Most locals know about the talented Frances Palmer of Weston. Her distinctive ceramics have a quiet sophistication that never fails to elevate the beauty of what it holds—platters filled with seasonal fruit or a stunning centerpiece of flowers at full bloom.
An art historian and a printmaker, Palmer also has nearly thirty years of experience making ceramic and floral wonders that have won loyal fans. Artistic, through and through, whether designing a new vase, nurturing flowers in her lush garden, or photographing a floral arrangement, Palmer unfailingly expresses the elegance of purity, simplicity and timelessness—even romance.
“I love the process of changing ideas into form,” she notes on her website, francespalmerpottery.com. Also, keep up with the productive artist on Instagram @francespalmer, where she posts a vase and flower arrangement frequently.
How does your training as an art historian affect your photography and arrangements?
My training as an art historian informs my ceramics and photography on a daily basis. I read, observe and study continually. Then, when I sit down at the wheel, or work with the flowers, things that I have seen filter out into what is my vision of my work. Does this make sense? The older I get, the clearer I am about what is my work and how I wish to make it. But I am intrigued to see as much as I can that is out there.
You started as a printmaker, then potter and gardener. What happened to cause changes in your career, and do you feel you are, at your core, more one type of artist than another?
I wanted to be a printmaker when I was in high school and had planned to go to art school. But I was also captivated by art history, so I ended up with a MA in that, which I am glad I did. When we moved out to Connecticut and started a family, I learned ceramics and started the flower garden. At the end of the day, all of these processes are intertwined and share a common thread. They have to do with my work, yet the ceramics and the garden also have a will of their own. That is very appealing to me. So I feel that the ceramics, garden and photography are equally important.
You wrote, “I love the process of changing ideas into form.” What did you mean?
I meant that I have ideas in my head of shapes that I would like to make. I am constantly envisioning pots and I look forward to being in the studio each day. Especially when exploring new forms, it is exciting to see the actual, three dimensional vessel emerge from conception.
Your photography has certain Old World glamour. What is your artistic process or style?
Every day I see in my mind a grouping of vases and flowers that I would like to arrange. I have planted spring bulbs, summer and fall flowers so that I have a continuous flow of bloom starting from late March until frost. And there are hellebores and witch hazel for February. I assess what is blooming and what vase/bowl I would like to use for that day. Using a camera, I photograph either very early in the morning, just before sunrise, or late in the day. Those times provide the most beautiful light. I take many different exposures so that I can choose the one that suits the flowers/vases best. I photograph just about every day, as an exercise, because I learn something each time.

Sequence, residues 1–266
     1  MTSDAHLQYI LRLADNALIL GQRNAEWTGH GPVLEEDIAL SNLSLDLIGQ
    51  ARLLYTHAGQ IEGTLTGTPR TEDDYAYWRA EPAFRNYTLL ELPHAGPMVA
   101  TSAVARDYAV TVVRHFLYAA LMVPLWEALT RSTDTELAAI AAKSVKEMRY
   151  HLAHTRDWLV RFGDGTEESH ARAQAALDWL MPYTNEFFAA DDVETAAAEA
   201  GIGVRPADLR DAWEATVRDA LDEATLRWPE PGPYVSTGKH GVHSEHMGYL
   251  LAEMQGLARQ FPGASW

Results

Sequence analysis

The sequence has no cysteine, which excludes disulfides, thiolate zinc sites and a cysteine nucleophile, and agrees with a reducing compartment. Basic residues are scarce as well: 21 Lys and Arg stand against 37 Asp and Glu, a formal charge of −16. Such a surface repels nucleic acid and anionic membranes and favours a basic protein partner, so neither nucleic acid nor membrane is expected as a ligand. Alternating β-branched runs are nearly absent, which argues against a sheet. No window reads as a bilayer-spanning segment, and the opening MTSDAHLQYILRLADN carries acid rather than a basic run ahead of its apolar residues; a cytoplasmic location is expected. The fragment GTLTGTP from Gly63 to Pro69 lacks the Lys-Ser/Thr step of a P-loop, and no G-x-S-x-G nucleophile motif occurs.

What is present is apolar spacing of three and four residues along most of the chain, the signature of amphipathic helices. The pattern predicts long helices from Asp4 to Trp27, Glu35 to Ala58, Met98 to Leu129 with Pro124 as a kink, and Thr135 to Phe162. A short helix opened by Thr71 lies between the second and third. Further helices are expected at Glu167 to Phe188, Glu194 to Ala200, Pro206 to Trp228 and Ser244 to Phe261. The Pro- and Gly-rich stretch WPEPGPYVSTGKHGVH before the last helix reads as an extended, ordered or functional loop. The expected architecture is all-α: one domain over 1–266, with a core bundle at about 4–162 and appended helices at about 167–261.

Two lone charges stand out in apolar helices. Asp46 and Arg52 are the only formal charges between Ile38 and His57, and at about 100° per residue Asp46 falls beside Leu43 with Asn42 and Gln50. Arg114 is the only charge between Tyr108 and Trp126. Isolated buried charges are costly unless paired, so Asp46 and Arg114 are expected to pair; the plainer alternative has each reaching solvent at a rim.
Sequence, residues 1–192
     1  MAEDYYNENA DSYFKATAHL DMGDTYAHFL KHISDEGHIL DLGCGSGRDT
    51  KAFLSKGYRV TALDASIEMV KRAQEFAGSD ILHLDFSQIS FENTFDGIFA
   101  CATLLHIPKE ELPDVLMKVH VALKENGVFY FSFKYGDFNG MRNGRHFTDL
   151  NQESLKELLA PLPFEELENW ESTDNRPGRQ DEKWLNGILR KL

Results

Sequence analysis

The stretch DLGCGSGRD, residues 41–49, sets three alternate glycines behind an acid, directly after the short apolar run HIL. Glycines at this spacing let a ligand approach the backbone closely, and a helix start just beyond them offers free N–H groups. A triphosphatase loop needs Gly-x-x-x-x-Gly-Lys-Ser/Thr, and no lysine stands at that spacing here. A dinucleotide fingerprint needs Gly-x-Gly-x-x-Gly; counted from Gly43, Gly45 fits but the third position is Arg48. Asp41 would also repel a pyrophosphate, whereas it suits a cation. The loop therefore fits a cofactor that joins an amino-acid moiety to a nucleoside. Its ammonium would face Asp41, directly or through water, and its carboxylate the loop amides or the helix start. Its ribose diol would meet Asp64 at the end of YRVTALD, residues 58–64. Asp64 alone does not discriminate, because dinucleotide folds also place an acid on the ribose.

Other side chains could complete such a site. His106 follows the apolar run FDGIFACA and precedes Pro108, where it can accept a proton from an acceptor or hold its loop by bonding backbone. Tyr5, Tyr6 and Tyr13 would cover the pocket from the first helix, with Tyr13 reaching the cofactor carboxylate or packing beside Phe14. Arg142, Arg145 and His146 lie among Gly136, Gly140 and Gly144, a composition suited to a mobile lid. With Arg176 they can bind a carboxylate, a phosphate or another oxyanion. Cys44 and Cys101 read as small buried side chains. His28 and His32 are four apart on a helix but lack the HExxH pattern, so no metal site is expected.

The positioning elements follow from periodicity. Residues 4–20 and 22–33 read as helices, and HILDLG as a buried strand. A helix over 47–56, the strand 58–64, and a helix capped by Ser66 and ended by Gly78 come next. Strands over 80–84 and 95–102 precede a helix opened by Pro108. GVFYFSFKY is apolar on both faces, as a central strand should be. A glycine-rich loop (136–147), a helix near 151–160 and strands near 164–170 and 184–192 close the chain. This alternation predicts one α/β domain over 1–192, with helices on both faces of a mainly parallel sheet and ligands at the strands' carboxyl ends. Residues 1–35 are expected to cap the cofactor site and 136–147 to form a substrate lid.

Are peonies a favorite springtime flower?
Peonies are glorious flowers, as they are great to photograph during all stages of bloom and decay. But they are also blooming at the same time as roses, bearded iris and late tulips, so it is hard to pick a favorite. I love them all.
Any tips for floral designing?
I think that it depends on the vessel. Sometimes, one perfect bloom in a bud vase is all that is needed. But, for an arrangement for a dinner table, for example, I will use a low footed bowl with a frog, and cut the flowers very short. I fill the bowl quite full and let the flowers spill over in a bit of chaos.
Do you have a favorite vase shape?
I think of vase shapes and flowers together. I often make a vase to suit the flower and then it depends on whether I wish to use a few stems or a full extravaganza.
What’s the secret to growing spring flowers?
One actually has to think of spring flowers in the fall, as tulips, daffodils, peonies, bearded iris are all planted then. But the local nurseries usually have plants in the spring, so it is easy to catch up.
LEARN MORE: Frances Palmer occasionally teaches classes at the New York Botanical Garden [nybg.org]—most recently on dahlias. For class updates, sign up for her email alerts at her website.